What can Local Authorities do? They can be brave in confronting the evidence around the importance of relationships, and use it to invest strategically in early intervention and prevention with families. They can work with families to build their social and support networks, recognising their importance to the long term resilience of relationships. They can organise services such that professionals have the time and support they need to build trusted relationships with families. They can lead partners (including health and the police) in defining a set of shared outcomes that recognise the importance of relationships to child outcomes. This is everyone’s opportunity.

 

Authors: Jonny Mallinson (Innovation Unit) and Jan Mitcheson (OnePlusOne)

Relationship Realities by Dean Wilson

Relationship Realities is a collection of real stories by real people affected by alcohol and drug use problems, produced by charities OnePlusOne and Adfam. If you are struggling with alcohol and drug use problems or have family members and partners who are, we hope these stories will show you that you’re not alone.

When you’ve listened to the stories, please let us know what you think by answering a few short questions below. We will also enter you into our prize draw for a £20 Amazon voucher.

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I understand how substance misuse can impact on my relationship
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Relational Capability – the stuff of life by Mark Weber

OnePlusOne’s Relational Capability Framework

How can we enable people to build the kinds of relationships that make a positive difference to their lives and the lives of those with whom they interact? We have been seeking answers to this question for over forty years, through our unique and wide-ranging research and innovation projects. We believe that developing people’s relational capability – enhancing their ability to establish and sustain relationships – brings us one step closer to an answer.

The relational capability framework encapsulates what it takes to make and maintain cohesive and harmonious relationships. On the one hand it reflects what we bring to the table, our relational skills, beliefs, and behaviours, and how they combine to shape the quality of interactions we have. This is our ‘internal relational capability’. On the other hand, ‘relational opportunity’ recognises that the circumstances of our lives or the settings in which we find ourselves also influence if and how we engage in healthy relationships.

What does that mean in practice?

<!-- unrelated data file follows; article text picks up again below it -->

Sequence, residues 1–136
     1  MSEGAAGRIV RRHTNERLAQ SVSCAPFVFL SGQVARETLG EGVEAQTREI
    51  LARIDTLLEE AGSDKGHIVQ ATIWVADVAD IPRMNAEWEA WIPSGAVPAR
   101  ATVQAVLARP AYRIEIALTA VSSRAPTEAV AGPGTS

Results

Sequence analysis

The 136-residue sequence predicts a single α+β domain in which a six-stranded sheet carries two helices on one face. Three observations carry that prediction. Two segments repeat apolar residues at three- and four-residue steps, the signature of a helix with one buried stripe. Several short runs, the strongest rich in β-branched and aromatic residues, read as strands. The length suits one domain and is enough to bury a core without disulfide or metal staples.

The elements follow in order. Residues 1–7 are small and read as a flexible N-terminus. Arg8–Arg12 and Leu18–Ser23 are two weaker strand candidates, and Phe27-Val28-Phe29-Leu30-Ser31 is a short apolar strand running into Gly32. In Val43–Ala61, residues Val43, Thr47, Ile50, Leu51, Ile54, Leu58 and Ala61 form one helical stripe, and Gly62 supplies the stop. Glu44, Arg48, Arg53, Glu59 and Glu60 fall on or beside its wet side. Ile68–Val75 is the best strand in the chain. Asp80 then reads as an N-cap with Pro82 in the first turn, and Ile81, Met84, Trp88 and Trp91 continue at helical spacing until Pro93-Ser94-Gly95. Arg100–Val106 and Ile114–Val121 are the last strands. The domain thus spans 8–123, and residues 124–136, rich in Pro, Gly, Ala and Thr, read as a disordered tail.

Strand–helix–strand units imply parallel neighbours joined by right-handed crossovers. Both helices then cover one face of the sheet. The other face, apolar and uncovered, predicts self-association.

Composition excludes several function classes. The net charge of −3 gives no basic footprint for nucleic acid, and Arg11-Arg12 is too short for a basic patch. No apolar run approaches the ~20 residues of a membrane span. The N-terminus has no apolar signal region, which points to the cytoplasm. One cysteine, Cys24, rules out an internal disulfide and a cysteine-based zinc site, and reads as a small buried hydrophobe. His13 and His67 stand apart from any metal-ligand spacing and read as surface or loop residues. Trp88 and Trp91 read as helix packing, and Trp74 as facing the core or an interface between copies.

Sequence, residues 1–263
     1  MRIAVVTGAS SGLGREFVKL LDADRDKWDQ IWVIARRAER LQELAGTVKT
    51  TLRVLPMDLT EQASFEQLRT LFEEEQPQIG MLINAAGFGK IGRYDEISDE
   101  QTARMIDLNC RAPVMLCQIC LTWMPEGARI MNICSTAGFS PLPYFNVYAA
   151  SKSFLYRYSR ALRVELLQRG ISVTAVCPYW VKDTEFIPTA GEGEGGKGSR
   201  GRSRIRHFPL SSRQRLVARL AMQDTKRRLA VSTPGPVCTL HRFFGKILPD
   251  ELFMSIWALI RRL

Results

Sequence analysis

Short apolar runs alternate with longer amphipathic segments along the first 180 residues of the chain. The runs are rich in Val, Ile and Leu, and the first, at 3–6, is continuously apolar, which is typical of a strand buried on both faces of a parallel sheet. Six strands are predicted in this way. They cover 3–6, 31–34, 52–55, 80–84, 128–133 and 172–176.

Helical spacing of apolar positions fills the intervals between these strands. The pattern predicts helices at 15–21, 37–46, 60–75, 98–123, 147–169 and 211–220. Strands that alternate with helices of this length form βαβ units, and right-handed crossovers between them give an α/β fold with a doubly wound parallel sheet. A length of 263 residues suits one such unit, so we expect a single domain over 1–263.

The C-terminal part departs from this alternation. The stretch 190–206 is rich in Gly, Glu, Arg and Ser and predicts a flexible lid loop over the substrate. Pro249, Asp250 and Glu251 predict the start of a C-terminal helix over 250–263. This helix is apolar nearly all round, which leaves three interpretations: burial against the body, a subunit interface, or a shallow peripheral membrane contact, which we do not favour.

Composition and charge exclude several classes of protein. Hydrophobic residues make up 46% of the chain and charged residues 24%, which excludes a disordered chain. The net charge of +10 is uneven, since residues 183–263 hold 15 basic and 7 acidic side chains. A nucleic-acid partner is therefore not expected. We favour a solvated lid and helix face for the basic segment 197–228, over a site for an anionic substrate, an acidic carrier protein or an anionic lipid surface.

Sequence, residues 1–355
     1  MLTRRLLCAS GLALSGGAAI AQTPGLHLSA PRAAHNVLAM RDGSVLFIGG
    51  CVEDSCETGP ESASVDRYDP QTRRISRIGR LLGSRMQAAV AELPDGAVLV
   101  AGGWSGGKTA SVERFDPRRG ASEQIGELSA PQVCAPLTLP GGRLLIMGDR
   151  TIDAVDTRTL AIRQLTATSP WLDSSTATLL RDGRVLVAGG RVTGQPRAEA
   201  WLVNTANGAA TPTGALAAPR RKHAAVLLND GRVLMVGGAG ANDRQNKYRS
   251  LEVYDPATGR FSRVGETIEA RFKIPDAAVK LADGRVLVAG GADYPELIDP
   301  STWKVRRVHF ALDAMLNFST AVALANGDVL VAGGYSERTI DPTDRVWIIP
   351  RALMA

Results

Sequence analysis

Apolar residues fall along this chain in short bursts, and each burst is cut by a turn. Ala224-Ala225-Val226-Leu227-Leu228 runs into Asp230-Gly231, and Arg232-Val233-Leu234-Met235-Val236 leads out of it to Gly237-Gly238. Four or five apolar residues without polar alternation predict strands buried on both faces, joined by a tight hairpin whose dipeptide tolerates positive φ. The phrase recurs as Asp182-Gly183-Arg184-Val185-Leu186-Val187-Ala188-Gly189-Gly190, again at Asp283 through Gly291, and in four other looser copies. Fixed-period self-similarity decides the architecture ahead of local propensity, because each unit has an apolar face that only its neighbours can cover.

OnePlusOne does much to apply this relationship framework in practice. We train front-line practitioners in relational capability, and provide online interventions to strengthen couple and family relationships, including behavioural modelling training. We also support separated parents to manage their interactions in ways that promote the wellbeing of their children, and this has all added up to an understanding of how to help people improve their relational experiences, often by making small changes to how they interact.

We are embarking on a series of projects trialling approaches to building relational capability in different settings – enhancing the internal relational capability of practitioners, employers, teachers, and addressing some of the system level barriers to exercising that capability. We are starting that work with an early years service in a local authority and with a group of employers, but looking ahead we are keen to explore what developing relationally capable schools might look like, or neighbourhoods, or care services for the elderly, to name but a few.

If you would like to learn more about relational capability, or discuss our work further, please contact OnePlusOne Director Penny Mansfield CBE: penny.mansfield@oneplusone.org.uk

Research & Policy Digest by Mark Weber

OnePlusOne’s monthly roundup of the key research and policy news to emerge from the field of relationships, including the latest journal articles of interest to family and relationships practitioners and researchers.

Research and statistics

Foundations for Life: What Works to Support Parent Child Interaction in the Early Years
Early Intervention Foundation

Foundations for Life: What Works to Support Parent Child Interaction in the Early Years” is an assessment by the Early Intervention Foundation of 75 early intervention programmes aimed at improving child outcomes through positive parent child interactions in the early years. This report has assessed programmes available to UK commissioners, rather than considering programmes from around the world.  This is also the first time that EIF have used their own robust methods for rating the evidence and costs of early intervention programmes.

Falling short: the experiences of families below the Minimum Income Standard
Joseph Rowntree Foundation